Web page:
Don't believe me? Well, AT&T and Verizon have halted their fiber rollout. Google has not, but Google is really increasingly on the content creation side. And that is one strategy for dealing with this problem of the government tilting the power balance in a vertical supply chain: vertical integration.
Postscript: There are folks out there who always feel better as a consumer if their services are heavily regulated by the Government. Well, the Internet is currently largely unregulated, but the cable TV industry is heavily regulated. Which one are you more satisfied with?
Update: OK, after a lot of comments and emails, I am willing to admit I am conflating multiple issues, some of which fit the strict definition of net neutrality (e.g. ISP A can't block Planned Parenthood sites because its CEO is anti-abortion) with other potential ISP-content provider conflicts. I am working on some updates as I study more, but I will say in response that
- President Obama is essentially doing the same thing, trying to ram through a regulatory power grab (shifting ISPs to Title II oversight) that actually has vanishly little to do with the strict definition of net neutrality. Net neutrality supporters should be forewarned that the number of content and privacy restrictions that will pour forth from regulators will dwarf the essentially non-existent cases of net neutrality violation we have seen so far in the unregulated market.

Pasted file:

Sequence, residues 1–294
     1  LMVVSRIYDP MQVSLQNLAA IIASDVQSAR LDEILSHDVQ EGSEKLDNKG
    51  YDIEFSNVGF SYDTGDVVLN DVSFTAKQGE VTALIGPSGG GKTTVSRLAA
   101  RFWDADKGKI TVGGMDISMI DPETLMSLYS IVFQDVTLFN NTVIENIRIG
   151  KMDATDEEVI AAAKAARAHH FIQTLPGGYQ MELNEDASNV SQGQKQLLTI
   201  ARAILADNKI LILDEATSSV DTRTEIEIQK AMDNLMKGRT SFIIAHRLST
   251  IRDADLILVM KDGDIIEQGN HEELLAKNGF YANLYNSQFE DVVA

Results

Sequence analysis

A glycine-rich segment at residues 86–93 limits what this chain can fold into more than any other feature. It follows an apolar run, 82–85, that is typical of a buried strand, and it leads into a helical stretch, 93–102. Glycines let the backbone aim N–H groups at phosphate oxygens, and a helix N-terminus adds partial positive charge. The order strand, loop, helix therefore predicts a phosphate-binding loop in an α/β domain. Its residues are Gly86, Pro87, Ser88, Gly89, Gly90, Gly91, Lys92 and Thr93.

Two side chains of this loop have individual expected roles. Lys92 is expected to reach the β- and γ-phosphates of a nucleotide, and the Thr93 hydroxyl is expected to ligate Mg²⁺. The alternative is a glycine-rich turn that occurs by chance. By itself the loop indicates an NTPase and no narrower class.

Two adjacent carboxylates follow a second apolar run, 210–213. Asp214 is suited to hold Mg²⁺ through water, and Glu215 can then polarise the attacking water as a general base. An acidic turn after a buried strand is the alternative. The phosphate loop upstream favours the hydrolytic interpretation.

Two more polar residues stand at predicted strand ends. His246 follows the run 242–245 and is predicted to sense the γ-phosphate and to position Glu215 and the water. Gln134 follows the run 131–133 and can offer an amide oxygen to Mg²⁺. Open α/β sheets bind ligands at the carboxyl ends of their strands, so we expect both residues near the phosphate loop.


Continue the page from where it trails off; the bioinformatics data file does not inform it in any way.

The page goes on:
- I am still pretty sure the net effect of these regulations, whether they really affect net neutrality or not, will be to disarm ISP's in favor of content providers in the typical supply chain vertical wars that occur in a free market. At the end of the day, an ISP's last resort in negotiating with a content provider is to shut them out for a time, just as the content provider can do the same in reverse to the ISP's customers. Banning an ISP from doing so is like banning a union from striking. And for those who keep telling me that this sort of behavior is different and won't be illegal under net neutrality, then please explain to me how in practice one defines a ban based on a supply chain rent-division arguments and a ban based on nefarious non neutrality.
Remember the whole VA thing? It has mostly been forgotten, though we will all remember it again, or more accurately get to experience it ourselves, once the Democrats manage to get single payer passed.
People talk about government employees being motivated by "public service" but in fact very few government agencies have any tangible performance metrics linked to public service, and when they do (as in the case of the VA wait times) they just game them. At the end of the day, nothing enforces fidelity to the public good like competition and consumer choice, two things no government agency allows.